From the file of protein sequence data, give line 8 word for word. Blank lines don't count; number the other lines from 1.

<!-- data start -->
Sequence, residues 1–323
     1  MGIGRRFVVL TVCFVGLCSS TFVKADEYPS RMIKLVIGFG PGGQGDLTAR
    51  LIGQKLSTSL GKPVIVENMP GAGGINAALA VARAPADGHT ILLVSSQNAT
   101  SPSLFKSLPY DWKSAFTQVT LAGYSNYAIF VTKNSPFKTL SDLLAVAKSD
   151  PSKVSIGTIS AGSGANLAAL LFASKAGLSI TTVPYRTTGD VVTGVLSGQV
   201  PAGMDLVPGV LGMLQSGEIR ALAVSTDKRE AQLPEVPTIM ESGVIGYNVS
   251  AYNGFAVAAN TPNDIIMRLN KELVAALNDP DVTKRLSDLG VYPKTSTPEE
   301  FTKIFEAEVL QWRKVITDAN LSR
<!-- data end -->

   301  FTKIFEAEVL QWRKVITDAN LSR